On a day when James Call: Expert is locked in a death-struggle he appears to be losing with a collection agency, it's very appropriate that the public option, perhaps the one policy item we had the most right to feel hopeful about, in the wake of the 2008 elections, is now more-or-less officially kaput.
Today in Health Care Reform
So yeah, over the weekend, Obama and crew (specifically Health and Human Services Secretary Kathleen Sebelius) basically threw the public option under the rug. Senator Kent Conrad of North Dakota said that the public option "never" had the votes to pass in the Senate, and Obama et al are basically giving him and his ilk the nod, albeit still ostensibly saying the public option is the best way to go.
Paul Krugman and Nate Silver don't seem too depressed about it; in order to avoid being depressed myself, I'm deferring to their expertise. But we now know that even if health care reform does result in expanded coverage, especially to folks like me, with pre-existing conditions, it's going to do very little for cost, which should be a major concern, and may very well lead to calls a few decades down the line to do away with the entire thing.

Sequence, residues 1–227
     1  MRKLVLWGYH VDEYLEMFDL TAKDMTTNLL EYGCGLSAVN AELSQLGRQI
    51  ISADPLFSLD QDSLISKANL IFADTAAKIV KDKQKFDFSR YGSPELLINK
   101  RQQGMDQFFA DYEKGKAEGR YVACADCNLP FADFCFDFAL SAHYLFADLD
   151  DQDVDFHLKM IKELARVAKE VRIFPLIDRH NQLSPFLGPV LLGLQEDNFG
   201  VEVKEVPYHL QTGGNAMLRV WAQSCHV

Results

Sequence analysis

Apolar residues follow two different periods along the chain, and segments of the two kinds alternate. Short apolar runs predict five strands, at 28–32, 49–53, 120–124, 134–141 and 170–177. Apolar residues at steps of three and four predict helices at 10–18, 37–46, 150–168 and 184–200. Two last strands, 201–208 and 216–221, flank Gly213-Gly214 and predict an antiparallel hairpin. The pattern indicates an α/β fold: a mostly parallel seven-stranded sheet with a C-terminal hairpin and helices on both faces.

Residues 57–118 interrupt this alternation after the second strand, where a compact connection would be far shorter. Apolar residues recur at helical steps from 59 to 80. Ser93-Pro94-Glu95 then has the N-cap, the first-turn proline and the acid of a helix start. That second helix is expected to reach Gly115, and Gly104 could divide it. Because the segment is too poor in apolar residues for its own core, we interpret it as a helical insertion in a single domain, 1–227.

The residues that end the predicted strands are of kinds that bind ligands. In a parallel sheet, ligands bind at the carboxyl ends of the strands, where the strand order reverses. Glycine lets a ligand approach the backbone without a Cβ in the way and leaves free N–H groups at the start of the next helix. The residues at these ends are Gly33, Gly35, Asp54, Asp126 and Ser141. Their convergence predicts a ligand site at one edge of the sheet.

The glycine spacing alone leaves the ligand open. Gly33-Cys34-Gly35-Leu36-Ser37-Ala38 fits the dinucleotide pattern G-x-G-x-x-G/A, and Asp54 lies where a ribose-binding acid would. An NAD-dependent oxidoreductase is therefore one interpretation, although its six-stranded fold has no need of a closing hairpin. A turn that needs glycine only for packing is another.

The big question now is whether anything will be done to rein in the vicious cycle of doctors charging insurance companies for big-item, frivolous treatments. This will require cracking the whip on both doctors and insurers, and I'm not sure anyone in government has the backbone to do that, at this point. Still, this is one of the major problems driving cost, and to rectify this problem doesn't require spending any money at all. It just requires the will to stand up to these constituencies. Something we haven't seen a whole lot of so far, sadly.
Very, very disappointing.